Oth. That which I gave you.

I have it not about me..
Oth. Not?
Des. No, indeed, my lord.

exercise devout ;] Exercise was the religious term.

salt and sullen rheum ---] Sullen, that is, a rheum abstinately troublesome.



That is a fault: That handkerchief Did an Egyptian to my mother give; She was a charmer, and could almost read The thoughts of people: she told her, while she

kept it, 'Twould make her amiable, and subdue my father Entirely to her love; but if she lost it, Or made a gift of it, my father's eye Should hold her loathly, and his spirits should hunt After new fancies: She, dying, gave it me; And bid me, when my fate would have me wive, To give it her. I did so: and take heed of't, Make it a darling like your precious eye; To lose or give't away, were such perdition, As nothing else could match. Des.

Is it possible? Oth. 'Tis true: there's magick in the web of it: A sibyl, that had number'd in the world The sun to make two hundred compasses, In her prophetick fury sew'd the work: The worms were hallow'd, that did breed the silk; And it was died in mummy,' which the skilful Consery'd of maidens' hearts. Des.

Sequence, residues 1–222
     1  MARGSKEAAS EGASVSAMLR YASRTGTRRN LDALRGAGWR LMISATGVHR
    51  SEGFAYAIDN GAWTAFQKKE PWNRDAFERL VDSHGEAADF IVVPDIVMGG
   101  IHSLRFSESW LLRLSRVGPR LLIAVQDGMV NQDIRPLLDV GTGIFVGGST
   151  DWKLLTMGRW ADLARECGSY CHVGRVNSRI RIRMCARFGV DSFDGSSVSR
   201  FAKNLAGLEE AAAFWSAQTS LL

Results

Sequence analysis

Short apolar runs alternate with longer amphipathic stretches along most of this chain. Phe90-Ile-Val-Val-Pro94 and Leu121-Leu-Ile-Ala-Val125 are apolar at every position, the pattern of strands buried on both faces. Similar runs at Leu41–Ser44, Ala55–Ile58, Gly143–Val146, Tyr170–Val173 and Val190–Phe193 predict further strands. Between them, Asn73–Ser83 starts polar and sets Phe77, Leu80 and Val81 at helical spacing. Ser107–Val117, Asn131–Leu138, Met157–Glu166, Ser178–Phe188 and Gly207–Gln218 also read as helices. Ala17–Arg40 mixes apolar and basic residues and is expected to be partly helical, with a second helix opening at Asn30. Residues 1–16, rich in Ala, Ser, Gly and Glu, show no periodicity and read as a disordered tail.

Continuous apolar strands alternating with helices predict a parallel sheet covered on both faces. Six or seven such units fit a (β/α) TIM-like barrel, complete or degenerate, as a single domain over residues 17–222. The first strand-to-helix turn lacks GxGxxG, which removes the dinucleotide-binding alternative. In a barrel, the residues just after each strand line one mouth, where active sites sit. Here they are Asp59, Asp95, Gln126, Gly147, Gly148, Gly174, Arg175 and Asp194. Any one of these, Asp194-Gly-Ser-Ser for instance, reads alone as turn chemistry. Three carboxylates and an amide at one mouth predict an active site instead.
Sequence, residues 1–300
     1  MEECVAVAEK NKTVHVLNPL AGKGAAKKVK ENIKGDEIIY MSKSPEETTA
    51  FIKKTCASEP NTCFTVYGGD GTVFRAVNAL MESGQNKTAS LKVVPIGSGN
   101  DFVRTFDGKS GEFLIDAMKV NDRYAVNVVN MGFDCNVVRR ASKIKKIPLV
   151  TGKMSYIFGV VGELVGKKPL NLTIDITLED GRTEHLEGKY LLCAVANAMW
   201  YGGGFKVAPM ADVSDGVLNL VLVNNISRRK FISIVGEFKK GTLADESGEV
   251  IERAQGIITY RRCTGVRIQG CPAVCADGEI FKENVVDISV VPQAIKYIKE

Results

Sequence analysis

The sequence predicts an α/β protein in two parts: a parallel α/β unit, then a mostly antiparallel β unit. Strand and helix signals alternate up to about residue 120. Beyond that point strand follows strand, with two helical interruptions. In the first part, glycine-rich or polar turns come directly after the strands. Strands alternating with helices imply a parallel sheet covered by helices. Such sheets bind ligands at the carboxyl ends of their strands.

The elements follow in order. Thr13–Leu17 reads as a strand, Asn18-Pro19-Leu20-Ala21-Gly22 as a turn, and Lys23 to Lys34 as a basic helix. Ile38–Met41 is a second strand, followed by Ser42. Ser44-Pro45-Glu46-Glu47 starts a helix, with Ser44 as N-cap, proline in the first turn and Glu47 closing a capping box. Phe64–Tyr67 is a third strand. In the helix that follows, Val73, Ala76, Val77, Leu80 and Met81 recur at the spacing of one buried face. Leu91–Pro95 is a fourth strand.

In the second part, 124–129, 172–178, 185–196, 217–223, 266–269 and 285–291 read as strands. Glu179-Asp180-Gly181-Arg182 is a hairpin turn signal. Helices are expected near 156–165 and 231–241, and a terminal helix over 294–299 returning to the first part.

Indeed! is't true? Oth. Most veritable; therefore look to't well. Des. Then 'would to heaven, 'that I had never

seen it. Oth. Ha! wherefore? Des. Why do you speak so startingly and rash?!

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And it was died in mummy, &c.]. The balsamick liquor running from mummies was formerly celebrated for its anti-epileptick virtues. We are now wise enough to know, that the qualities ascribed to it are all imaginary; and yet this fanciful medicine still holds a place in the principal shops where drugs are sold ; and it is still much coveted by painters, as a transparent brown colour that throws a warmth into their shadows. - rash?] is vehement, violent.

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Oth. Is't lost? is't gone? speak, is it out of the

Des. Heaven bless us!

Say you?
Des. It is not lost; But what an if it were?
Oth. Ha!
Des. I say, it is not lost.

Fetch't, let me see it.
Des. Why, so I can, sir, but I will not now;
This is a trick, to put me from my suit;

let Cassio be receiv'd again. Oih. Fetch me that handkerchief: my mind

Des. Come, come;